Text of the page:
Dawn 1958 reflects on the life of Galileo Galili through letters exchanged with his daughter Suor Maria Celeste in the book "Galileo's Daughter" by Dava Sobel. The letters read of a life of great hardships in the 15th century as a nun and a scientist persecuted for beliefs that clashed with the Roman Catholic Church of his time. A smooth morph soundscape that takes little effort in listening - aiming to be very subtle to the extent of not being there. The track also reflects on a lifestyle that is less complicated than the 21st Century through the use of more meditative tones.
Morning of the Earth continues the meditative state through to the 21st century where a world is re-evaluating it's beliefs and many choose to take an alternative life to the 'expected' workaholic path taken by the majority of this troubled world.
Taken to another world Sea of Rains sees the location of Earth's moon. Many great thinkers and scientists of the past have imagined other worlds before space flight was possible.
Sea of Rains is the name of one of the many dark patches on the moon - so named by the 16th century priest Riccioli who believed it to be a sea. This track transports the listener to the beach of this Sea of Rains, taking in the totally alien landscape for the first time. Strange insects are making noise through the weird daylight, small asteroids pass and crash, strange squeaks and rumbles occur as the solar winds resonate on the landscape - and the moon expands and compresses due to the earth's magnetic field.
From the sea of rains our listener is transformed to an idyllic tropical beach setting - but instead of watching a sunset, a galaxy is setting over the horizon casting strange ephemeral shadows of palm trees on the beach. This more 'New Age' track is The Shores of the Cosmic Ocean, with inspiration drawn from Martin Denny's classic exotic piece "Quiet Village". Melodies from Denny's creation form the background, conveying the tropical heat of this location.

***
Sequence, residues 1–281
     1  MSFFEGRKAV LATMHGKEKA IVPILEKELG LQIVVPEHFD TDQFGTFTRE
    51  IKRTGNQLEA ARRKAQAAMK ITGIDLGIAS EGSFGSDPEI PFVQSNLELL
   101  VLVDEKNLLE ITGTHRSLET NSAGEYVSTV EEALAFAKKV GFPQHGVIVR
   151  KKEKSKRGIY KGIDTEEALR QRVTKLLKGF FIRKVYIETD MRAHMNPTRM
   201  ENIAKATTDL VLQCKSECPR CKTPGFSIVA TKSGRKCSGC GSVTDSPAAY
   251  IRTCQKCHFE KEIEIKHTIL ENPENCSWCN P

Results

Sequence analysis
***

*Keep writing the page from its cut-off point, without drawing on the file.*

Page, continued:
Time for tension in Argo Navis, led by the lead piano instrument and maintained by use of a constant warbling alarm bell sweeping around our head. The strings try for release but are foiled by the menacing, warped human and mechanical sounds. In the end the piano wins - or does it?
5am Melbourne 1996 deals with detachment - inspired by a personal experience working in Melbourne several years ago. My visits were fleeting and I always felt detached - as if I was viewing the city like an animal exhibit at a zoo. One early morning, on my way back to Adelaide I caught a taxi. While the city was desolate, I witnessed hundreds of people dressed up to impress and walking to the only nightclub still open at 5 in the morning. Using guitars and TV commercials, this track reflects the emptiness of the city and the memory of those waves of people.
The Demon Haunted World takes the listener back to the dark ages and a street in Florence. I was inspired by the tormented lives of scientists persecuted by the ruling Catholic Church for trying to change the backward ideas of the world at the time. The screams of persecution can be heard.
Returning Home relieves the desperation of the previous track - a Hollywood ending. A much more structured piece, representing the ending of a phase, the ending of this trip, with small discordant lead notes to spark some past memory of this journey. My celebration track.